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Goetz v. City of Springfield

October 30, 2007


The opinion of the court was delivered by: Richard Mills, U.S. District Judge


Plaintiff Linda Goetz brought this suit under Title VII, 42 U.S.C. § 2000e, et seq., and under 42 U.S.C. § 1983 against Defendants City of Springfield, Greg Seipel ("Seipel"), Jay Bartlett ("Bartlett"), Todd Renfrow ("Renfrow"), and Timothy Davlin ("Davlin"). The Court now considers the Defendants' Motion to Dismiss the Complaint.


The City of Springfield, a municipal corporation, provides public utilities services to various customers through the Department of Public Utilities ("Department").*fn1 Working at the Department and possessing varying degrees of control over employment matters were Defendants Seipel, the superintendent of electrical distribution; Bartlett, the chief utilities engineer; and Renfrow, the director of the Department. The power to make ultimate employment decisions was vested in Defendant Davlin, Mayor of Springfield.

Early in 1999, Plaintiff Goetz began working for the Department as its key accounts manager.*fn2 This position required Goetz to call upon large customers of the Department. Goetz had 26 years of experience in this type of marketing, including seven years of work with the Department's key account customers. Goetz alleges that she adequately performed her duties at all times.

In March of 2005, the Department transferred Goetz from the central office to a different facility. Of the three project managers working at this facility, Goetz was the only female. While at her new location, Goetz began sharing responsibilities with a male project manager with less training and experience. Around this same time, Defendant Seipel supported efforts to increase this male project manager's training in key accounts. Goetz already had such training.

Soon after her transfer, serious problems began to arise. Between April 25, 2005, and April 21, 2006, emails sent or received on Goetz' personal account were forwarded to her City computer, allegedly by City officials, where they were then accessible to City employees. On January 20, 2006, Goetz was removed from active employment and placed on administrative leave. No explanation was given. Goetz was instructed to wait at her home for new assignments. In February of 2006, the Department held a meeting with many of its large customers and introduced the male project manager as the new key accounts contact, effectively replacing Goetz. Having received no assignments at home, Goetz was laid off by the Department in March of 2006. Goetz alleges that no funding changes caused this layoff and that no other persons were laid off at that time.


Rule 12(b)(6) allows for the dismissal of a complaint for failure to state a claim upon which relief can be granted.Fed. R. Civ. P. 12(b)(6); EEOC v. Concentra Health Servs., Inc., 496 F.3d 773, 776 (2007). A complaint states a claim where it contains "a short and plain statement of the claim showing that the pleader is entitled to relief." Concentra Health, 496 F.3d at 776 (quoting Fed. R. Civ. P. 8(a)(2)). The court must take all well-pleaded factual allegations as true and must draw all possible inferences from those allegations in favor of the complainant. McCready v. eBay, Inc., 453 F.3d 882, 888 (7th Cir. 2006). Dismissal under Rule 12(b)(6) is only appropriate when "there is no possible interpretation of the complaint under which it can state a claim." Treadway v. Gateway Chevrolet Oldsmobile Inc., 362 F.3d 971 (7th Cir. 2004) (citing Flannery v. Recording Indus. Ass'n of Am., 354 F.3d 632, 637 (7th Cir. 2004)).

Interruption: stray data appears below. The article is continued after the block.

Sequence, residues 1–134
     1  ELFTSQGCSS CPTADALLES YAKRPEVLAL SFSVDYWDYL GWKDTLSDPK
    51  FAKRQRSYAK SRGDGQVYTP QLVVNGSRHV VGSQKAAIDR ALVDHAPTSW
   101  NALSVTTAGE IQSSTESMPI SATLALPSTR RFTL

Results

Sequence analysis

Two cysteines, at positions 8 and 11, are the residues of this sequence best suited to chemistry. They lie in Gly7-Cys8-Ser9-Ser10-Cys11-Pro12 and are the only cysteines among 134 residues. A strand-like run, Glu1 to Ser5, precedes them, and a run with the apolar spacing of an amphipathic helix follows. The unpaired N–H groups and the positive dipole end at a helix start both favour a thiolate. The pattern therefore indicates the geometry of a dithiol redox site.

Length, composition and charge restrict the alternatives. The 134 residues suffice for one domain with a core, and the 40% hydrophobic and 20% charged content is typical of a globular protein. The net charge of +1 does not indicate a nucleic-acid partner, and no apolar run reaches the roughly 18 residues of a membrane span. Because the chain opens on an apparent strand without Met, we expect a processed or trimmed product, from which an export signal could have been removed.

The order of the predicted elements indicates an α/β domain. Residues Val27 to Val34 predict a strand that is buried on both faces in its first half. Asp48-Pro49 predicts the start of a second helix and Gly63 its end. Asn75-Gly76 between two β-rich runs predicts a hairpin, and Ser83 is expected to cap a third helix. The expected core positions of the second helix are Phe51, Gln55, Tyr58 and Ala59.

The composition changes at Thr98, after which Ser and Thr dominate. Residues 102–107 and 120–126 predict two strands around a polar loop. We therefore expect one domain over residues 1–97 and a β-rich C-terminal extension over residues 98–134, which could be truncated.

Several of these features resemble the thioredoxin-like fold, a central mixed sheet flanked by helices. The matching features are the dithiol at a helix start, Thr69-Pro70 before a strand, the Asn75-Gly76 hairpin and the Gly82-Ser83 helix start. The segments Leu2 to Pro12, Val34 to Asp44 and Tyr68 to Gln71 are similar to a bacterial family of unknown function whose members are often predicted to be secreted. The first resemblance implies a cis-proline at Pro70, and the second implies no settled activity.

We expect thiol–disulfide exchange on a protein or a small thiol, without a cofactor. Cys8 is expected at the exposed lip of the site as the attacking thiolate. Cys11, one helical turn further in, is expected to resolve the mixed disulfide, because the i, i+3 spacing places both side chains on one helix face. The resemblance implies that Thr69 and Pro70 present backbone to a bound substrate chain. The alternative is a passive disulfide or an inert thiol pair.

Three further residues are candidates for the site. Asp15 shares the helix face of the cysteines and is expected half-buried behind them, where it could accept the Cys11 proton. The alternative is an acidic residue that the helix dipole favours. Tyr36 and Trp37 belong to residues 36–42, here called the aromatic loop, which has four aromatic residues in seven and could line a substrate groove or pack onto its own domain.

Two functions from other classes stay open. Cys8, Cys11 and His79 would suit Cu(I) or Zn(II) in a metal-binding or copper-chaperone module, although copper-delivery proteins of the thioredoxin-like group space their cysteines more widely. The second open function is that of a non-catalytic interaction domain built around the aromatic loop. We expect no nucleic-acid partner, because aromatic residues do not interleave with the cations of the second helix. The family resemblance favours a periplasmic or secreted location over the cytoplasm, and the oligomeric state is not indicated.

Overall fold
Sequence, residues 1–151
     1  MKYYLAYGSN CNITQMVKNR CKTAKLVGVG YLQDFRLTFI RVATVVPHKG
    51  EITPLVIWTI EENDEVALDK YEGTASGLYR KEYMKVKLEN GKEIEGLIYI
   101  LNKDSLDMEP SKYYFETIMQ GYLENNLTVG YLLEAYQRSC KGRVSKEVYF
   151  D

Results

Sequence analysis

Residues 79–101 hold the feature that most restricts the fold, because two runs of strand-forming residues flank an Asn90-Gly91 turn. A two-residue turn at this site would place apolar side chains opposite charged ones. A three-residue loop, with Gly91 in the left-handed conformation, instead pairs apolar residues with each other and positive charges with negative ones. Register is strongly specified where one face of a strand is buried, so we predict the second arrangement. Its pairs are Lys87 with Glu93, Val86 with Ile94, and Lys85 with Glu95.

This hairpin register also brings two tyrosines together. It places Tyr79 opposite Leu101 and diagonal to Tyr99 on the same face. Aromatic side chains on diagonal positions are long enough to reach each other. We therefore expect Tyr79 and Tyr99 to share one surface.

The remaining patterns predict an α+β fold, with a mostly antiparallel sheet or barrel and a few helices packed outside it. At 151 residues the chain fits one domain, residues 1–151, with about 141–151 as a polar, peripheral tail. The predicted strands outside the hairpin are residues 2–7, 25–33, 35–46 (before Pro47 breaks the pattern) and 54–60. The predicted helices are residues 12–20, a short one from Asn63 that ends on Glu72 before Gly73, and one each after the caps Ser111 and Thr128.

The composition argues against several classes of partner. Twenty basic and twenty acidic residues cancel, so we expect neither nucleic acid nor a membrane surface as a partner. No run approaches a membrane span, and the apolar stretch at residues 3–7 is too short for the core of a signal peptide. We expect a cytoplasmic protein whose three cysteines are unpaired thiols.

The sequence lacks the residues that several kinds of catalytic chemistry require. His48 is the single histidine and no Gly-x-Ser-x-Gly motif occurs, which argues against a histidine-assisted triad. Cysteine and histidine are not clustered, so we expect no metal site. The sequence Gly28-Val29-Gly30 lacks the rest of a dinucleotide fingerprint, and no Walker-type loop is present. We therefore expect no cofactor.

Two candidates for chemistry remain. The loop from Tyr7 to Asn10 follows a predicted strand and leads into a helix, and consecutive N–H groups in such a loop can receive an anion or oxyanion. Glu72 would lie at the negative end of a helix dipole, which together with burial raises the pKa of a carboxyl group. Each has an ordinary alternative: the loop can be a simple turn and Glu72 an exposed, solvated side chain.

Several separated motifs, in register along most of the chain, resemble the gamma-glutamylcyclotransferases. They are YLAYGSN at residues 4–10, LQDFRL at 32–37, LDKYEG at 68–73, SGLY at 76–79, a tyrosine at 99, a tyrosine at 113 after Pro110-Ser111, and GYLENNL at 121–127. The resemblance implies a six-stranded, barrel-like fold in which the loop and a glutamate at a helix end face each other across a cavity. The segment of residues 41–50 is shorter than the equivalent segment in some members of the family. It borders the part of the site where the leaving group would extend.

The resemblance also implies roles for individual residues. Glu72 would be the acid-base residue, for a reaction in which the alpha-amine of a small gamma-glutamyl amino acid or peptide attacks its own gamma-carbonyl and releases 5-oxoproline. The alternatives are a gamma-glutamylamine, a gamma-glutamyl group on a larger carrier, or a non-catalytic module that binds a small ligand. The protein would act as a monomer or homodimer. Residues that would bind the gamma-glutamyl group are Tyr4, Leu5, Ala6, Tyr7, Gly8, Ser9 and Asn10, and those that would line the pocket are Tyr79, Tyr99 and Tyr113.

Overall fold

Plaintiff Goetz' Complaint seeks relief against the City under Title VII for its employment actions and against all defendants under 42 U.S.C. § 1983 for violations of the equal protection and due process clauses of the Fourteenth Amendment. Defendants move to dismiss.

A. Claims Against Individual Defendants

1. Official Capacity Claims

First, Defendants argue for the dismissal of Plaintiff's official capacity claims against the individual defendants, because such suits are duplicative of the action against the City of Springfield itself. Generally, official-capacity suits "represent only another way of pleading an action against an entity of which an officer is an agent.'" Kentucky v. Graham, 473 U.S. 159, 165, 105 S.Ct. 3099, 87 L.Ed.2d 114 (1985). Therefore, where a claim has been asserted against a municipality, "claims against . . . individuals in their official capacities are redundant because suits against municipal agents in their official capacities are actually suits against the municipality." Tabor v. City of Chicago, 10 F. Supp. 2d 988, 991 (7th Cir. 1998). Where, as here, official capacity suits have been alleged in addition to suits against a municipality, "courts have routinely dismissed claims against [the] municipal agents. . . ." Id. (citing David v. Village of Oak Lawn, 1996 WL 210072, at *5 (N.D. ...

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